In my new office, I now have cork boards.  I purchased a total of six board, but only put up (okay, so my mom put them up, but only because she didn’t like my solution) one set of screws to hang them on.  So, I have a board for each project, but only one visible project at a time.  This improves concentration.  It also allows me to take down a moment from the board, to have close by me, front and center, while still having the board visible with the big picture up all neat and clean.

Now, with the right tools in place, I’m ready to really get some work done!  So, here I go, beating out my stories.  I can now more easily beat each story—and each moment—at its own tone and pace, to its own tune.

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About Stephanie Allen Crist

Stephanie created and produces ComeSootheYourAchingSoul.com in answer to a call from God to use her experiences and gifts to help others. Stephanie is also the author of www.StephanieAllenCrist.com and two books that can be found on that site. Stephanie strives to share her love, faith, and talents in an inclusive manner to help others who know spiritual pain and who know the bitter taste of the dregs of despair.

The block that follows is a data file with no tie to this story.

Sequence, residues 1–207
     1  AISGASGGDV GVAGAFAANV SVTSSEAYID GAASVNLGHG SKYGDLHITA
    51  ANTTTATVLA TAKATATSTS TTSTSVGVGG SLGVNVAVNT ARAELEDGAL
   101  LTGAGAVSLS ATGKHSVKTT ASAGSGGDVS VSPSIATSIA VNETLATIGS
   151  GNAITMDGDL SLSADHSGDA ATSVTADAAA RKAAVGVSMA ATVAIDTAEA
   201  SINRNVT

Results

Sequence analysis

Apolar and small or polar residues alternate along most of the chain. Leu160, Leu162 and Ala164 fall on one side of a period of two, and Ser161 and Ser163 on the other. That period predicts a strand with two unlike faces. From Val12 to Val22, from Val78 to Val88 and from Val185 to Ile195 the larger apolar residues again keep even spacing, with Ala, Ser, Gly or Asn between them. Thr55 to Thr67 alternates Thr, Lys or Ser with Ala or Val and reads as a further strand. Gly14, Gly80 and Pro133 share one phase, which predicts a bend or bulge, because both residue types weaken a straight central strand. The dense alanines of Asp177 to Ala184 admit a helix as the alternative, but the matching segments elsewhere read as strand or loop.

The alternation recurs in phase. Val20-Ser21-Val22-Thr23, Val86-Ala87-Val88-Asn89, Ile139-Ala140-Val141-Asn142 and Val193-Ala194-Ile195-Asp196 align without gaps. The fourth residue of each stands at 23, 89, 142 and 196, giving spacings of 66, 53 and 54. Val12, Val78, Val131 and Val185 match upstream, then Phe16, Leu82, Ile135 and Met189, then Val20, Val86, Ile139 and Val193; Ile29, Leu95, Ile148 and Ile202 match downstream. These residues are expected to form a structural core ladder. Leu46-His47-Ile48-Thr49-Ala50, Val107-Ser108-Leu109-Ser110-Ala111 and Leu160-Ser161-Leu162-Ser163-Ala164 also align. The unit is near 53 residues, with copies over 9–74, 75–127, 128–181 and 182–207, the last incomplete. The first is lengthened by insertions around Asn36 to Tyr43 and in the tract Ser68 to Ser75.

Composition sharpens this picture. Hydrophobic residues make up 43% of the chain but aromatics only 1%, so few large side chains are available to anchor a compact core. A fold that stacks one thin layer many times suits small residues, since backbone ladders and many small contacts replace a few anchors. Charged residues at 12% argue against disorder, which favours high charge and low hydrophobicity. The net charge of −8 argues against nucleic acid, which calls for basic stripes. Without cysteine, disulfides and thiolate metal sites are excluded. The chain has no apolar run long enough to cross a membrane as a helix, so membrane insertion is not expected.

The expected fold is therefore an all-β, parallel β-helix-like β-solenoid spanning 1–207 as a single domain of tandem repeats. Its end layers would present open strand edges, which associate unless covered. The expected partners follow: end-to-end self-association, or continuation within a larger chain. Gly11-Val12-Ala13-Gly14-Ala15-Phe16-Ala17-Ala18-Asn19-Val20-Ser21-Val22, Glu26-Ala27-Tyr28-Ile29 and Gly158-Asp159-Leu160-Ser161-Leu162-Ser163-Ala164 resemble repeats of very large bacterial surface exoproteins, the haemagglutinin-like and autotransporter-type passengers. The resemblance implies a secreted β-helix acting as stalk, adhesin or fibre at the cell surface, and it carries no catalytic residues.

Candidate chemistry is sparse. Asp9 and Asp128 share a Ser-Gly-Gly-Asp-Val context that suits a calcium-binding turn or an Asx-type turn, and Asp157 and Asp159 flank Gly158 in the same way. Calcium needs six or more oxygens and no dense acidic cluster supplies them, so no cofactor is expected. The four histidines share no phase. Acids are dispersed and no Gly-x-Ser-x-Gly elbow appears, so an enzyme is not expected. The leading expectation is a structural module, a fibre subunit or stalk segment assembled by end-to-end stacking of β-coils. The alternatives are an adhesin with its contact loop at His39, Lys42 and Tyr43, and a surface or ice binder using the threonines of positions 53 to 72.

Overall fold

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8 Responses to Beating Your Drum

  1. acflory says:

    Is this the same as story boarding? i.e. what they do for movies and animations etc?

    • It’s similar. It can be the same, I suppose, if you tend to think in pictures, but the way I do it is a bit different. Okay, take a large cork board. Write down key words for each moment (or beat) on post-it note or index card. (I wrote down the key words/beats for a whole chapter on a single card, after much trial and error.) Use some kind of single (I used different colored markers) to express the tone or significance of a piece of information. (For example, the “Golden Age of Therapy” was written in golden yellow. Then, at the bottom of the card, the moment that sets the story back into problem-mode was in bright red.) Put the pieces in order.